The wall that separates Ukrainian and Russian refugees in America

The conflict in Europe is beginning to have an effect on the border between the United States and Mexico, which is one of the most intense migration points on the continent

Russian and Ukrainian families in an improvised camp in Tijuana, Mexico this week.
Russian and Ukrainian families in an improvised camp in Tijuana, Mexico this week.Joebeth Terriquez (EFE)

Under a pedestrian bridge, a municipal police officer from Tijuana plays with his phone. From the inside of a car, he is watching a deserted, taped off square. El Chaparral, one of the pedestrian routes from Mexico to the United States, once held a camp of nearly 400 Central American migrants who wanted to enter California. They were cleared from the area on March 6. Now they are living in a number of shelters. The area is getting ready for the impeding crisis. On Wednesday, the officer pointed to the west, to San Ysidro, which is barely more than two kilometers away. “That’s where the Russians are arriving,” he says, keen to return to his cellphone. One of the borders with the most movement in America is awaiting the waves that the war in Europe have caused. The conflict on the other side of the world has, until now, seen three million Ukrainians flee their home country.

Ukrainians and Russians started to arrive on the border last week. They found the wall that the administration of US President Joe Biden has left intact, the one put in place by his predecessor Donald Trump. It’s a bureaucratic swamp that delays refugee and asylum requests, a mechanism that was damaged by the Republican politician and that the current government has promised to repair. But the resurgence of Vladimir Putin’s offensive in Ukraine has moved the gears in Washington. Anyone who shows their Ukrainian passport right now can enter the United States. On Sunday, 11 people passed. On Monday it was nine. A trickle of refugees has been arriving at a border point where, on average, 14,400 people a day cross. Citizens in the country under siege are, these days, the shooting stars on the border. Their passage cuts in two the mass ranks of people waiting to cross.

We know that the Ukrainians are the lucky ones right now,” explains Marc, 32, from Moscow, and who opts not to supply his surname. He’s one of the 30 or so Russians who have recently arrived in Tijuana. A delegate from the Baja California government has told news agency Reuters that more than 300 citizens with Russian nationality have arrived in the city in the last month.

A restaurant manager, Marc is opposed to the war and attended demonstrations against the conflict. He says that he had a good wage. He admits that he had some problems with the police, but won’t go into more detail because his parents and in-laws are still in his home country. “The war made clear to me that nothing will be the same in Russia,” he explains. “Things were going badly and now they can only go worse.”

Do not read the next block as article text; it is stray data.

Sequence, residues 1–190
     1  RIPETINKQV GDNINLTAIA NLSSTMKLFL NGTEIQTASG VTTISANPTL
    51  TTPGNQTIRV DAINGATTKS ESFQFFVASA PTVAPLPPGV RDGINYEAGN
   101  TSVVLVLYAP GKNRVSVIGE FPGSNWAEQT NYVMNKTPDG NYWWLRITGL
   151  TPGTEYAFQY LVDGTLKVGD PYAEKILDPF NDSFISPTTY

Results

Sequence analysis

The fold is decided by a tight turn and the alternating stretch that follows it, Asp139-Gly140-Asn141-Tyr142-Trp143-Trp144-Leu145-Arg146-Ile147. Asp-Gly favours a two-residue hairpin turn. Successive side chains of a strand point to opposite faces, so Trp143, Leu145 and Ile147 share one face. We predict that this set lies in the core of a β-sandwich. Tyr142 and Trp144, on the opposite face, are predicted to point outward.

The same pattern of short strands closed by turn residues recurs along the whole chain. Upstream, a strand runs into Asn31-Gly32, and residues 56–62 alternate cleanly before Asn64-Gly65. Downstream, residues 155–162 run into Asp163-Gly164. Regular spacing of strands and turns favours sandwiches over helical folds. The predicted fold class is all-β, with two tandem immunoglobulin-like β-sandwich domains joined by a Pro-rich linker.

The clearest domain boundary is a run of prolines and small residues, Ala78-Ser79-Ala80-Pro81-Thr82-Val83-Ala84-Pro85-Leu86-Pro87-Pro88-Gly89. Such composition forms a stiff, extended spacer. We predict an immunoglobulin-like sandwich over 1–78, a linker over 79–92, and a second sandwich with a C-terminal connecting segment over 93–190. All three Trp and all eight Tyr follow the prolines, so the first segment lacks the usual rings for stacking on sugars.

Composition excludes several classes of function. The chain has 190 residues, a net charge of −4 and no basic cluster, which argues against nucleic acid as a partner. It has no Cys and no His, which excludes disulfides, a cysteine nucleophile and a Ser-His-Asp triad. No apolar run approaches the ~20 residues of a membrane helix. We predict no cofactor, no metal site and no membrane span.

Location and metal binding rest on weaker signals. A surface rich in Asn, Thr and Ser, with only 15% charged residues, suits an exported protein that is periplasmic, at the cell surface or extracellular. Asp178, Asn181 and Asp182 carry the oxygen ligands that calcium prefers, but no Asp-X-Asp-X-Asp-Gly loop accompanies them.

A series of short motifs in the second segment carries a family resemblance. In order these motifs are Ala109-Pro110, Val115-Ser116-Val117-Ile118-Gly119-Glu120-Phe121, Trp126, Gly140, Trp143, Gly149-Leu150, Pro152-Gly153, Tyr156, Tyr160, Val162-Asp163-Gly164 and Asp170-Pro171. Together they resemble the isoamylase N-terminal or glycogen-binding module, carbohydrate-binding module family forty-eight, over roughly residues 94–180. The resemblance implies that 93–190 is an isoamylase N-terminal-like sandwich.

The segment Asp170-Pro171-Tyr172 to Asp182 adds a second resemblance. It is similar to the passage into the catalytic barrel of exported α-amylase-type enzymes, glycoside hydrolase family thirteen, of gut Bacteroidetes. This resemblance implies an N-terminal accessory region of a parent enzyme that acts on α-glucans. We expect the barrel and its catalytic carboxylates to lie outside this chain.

Russian citizens in San Ysidro.
Russian citizens in San Ysidro. Omar Martínez (CUARTOSCURO)

He spent $2,000 on plane tickets for him and his wife Oxana, 29. They left for Turkey six days ago, and then to Germany, from where they flew to the tourist port of Cancun. Sat by the waves of the Caribbean, they wondered what to do with their lives. Four days later, there they were. They are sleeping on the asfalt, a few meters from the gate that they are hoping to cross with political asylum. “These are not vacations, we are fleeing,” he says. He’s blond, has his hair cut short and eyes that are a deep green color, and is wearing a Metallica t-shirt. He has no choice but to wait, even if it’s for a year. “There’s no going back to Russia for us,” he says.

The local authorities fear that this camp will get out of control in the coming weeks. The settlements, however, prompt optimism among many more. In less than a week, there were new arrivals fleeing the violence of war, a Colombian couple and even a Syrian, whose language of solidarity with the Russians was based in the exchange of cigarettes. Migrating is easier when it’s a collective dream.

In my opinion, there is a chance that Putin could launch a nuclear missile at Europe
Yuri Savkin, 36

But on Wednesday, a council worker from Tijuana approached the group to hand over to them a letter that banned them from sleeping or living on the street. The text offered to take them to one of the shelters in the city. The document had taken some time to arrive, because they couldn’t find a translator who could write in Russian. The message left the new migrants greatly concerned.

Yuri Savkin, 36, traveled from Chernogolovka, 80 kilometers from Moscow, to Mexico City, where he landed on March 14. “In my opinion, there is a chance that Putin could launch a nuclear missile at Europe,” he says, with the help of Google Translate. With him are his wife Helen, 44, and Sonia, his nine-year-old daughter. “I decided to leave the country and not wait for the call from the Army, because I don’t want to fight against the civilian population nor obey criminal orders,” he says.

He’s wearing a smart Tommy Hilfiger jacket and there are traces of sunblock on his face. In his country, he was a businessman offering investment services. All of this has gone up in smoke with the sanctions that have been imposed by the West. He has $3,000 with him. He can’t touch the money he has in England – his cards have been blocked and his accounts frozen. Today his only privilege is to occupy the first spot next to the barbed wire fence at the border. He’s spent the last five days publishing his story on the social media accounts of US politicians. He has 180 days, the legal limit in Mexico, to get someone’s attention. “There’s no Plan B,” he warns.

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